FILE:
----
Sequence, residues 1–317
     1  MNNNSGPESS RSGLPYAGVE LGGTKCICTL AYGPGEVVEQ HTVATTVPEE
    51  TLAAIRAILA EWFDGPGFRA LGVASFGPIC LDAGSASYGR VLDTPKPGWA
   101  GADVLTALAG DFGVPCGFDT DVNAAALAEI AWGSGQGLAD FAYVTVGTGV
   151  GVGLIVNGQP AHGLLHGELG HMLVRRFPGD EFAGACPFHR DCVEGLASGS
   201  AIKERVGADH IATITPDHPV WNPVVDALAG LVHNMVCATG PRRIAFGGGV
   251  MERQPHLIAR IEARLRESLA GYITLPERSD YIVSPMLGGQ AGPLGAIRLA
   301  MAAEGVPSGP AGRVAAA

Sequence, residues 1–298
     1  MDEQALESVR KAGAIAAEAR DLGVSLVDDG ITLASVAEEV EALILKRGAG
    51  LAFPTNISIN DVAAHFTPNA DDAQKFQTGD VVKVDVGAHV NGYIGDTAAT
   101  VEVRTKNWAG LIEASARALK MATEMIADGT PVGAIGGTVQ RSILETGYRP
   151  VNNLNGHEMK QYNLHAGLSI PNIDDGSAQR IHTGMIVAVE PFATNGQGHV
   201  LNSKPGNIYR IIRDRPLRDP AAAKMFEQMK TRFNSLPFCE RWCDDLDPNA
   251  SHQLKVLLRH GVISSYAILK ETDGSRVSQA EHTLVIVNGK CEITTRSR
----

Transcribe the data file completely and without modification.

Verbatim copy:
Sequence, residues 1–317
     1  MNNNSGPESS RSGLPYAGVE LGGTKCICTL AYGPGEVVEQ HTVATTVPEE
    51  TLAAIRAILA EWFDGPGFRA LGVASFGPIC LDAGSASYGR VLDTPKPGWA
   101  GADVLTALAG DFGVPCGFDT DVNAAALAEI AWGSGQGLAD FAYVTVGTGV
   151  GVGLIVNGQP AHGLLHGELG HMLVRRFPGD EFAGACPFHR DCVEGLASGS
   201  AIKERVGADH IATITPDHPV WNPVVDALAG LVHNMVCATG PRRIAFGGGV
   251  MERQPHLIAR IEARLRESLA GYITLPERSD YIVSPMLGGQ AGPLGAIRLA
   301  MAAEGVPSGP AGRVAAA

Sequence, residues 1–298
     1  MDEQALESVR KAGAIAAEAR DLGVSLVDDG ITLASVAEEV EALILKRGAG
    51  LAFPTNISIN DVAAHFTPNA DDAQKFQTGD VVKVDVGAHV NGYIGDTAAT
   101  VEVRTKNWAG LIEASARALK MATEMIADGT PVGAIGGTVQ RSILETGYRP
   151  VNNLNGHEMK QYNLHAGLSI PNIDDGSAQR IHTGMIVAVE PFATNGQGHV
   201  LNSKPGNIYR IIRDRPLRDP AAAKMFEQMK TRFNSLPFCE RWCDDLDPNA
   251  SHQLKVLLRH GVISSYAILK ETDGSRVSQA EHTLVIVNGK CEITTRSR